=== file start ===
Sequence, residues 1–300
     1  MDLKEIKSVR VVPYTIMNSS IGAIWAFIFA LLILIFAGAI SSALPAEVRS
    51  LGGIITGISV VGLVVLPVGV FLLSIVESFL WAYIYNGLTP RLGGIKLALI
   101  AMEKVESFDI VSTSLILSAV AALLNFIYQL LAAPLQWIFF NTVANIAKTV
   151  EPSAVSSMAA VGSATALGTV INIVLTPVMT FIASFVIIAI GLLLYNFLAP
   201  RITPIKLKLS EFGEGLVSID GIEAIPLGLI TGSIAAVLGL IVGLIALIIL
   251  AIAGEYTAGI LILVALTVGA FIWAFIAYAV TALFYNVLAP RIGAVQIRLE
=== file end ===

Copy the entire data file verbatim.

Sequence, residues 1–300
     1  MDLKEIKSVR VVPYTIMNSS IGAIWAFIFA LLILIFAGAI SSALPAEVRS
    51  LGGIITGISV VGLVVLPVGV FLLSIVESFL WAYIYNGLTP RLGGIKLALI
   101  AMEKVESFDI VSTSLILSAV AALLNFIYQL LAAPLQWIFF NTVANIAKTV
   151  EPSAVSSMAA VGSATALGTV INIVLTPVMT FIASFVIIAI GLLLYNFLAP
   201  RITPIKLKLS EFGEGLVSID GIEAIPLGLI TGSIAAVLGL IVGLIALIIL
   251  AIAGEYTAGI LILVALTVGA FIWAFIAYAV TALFYNVLAP RIGAVQIRLE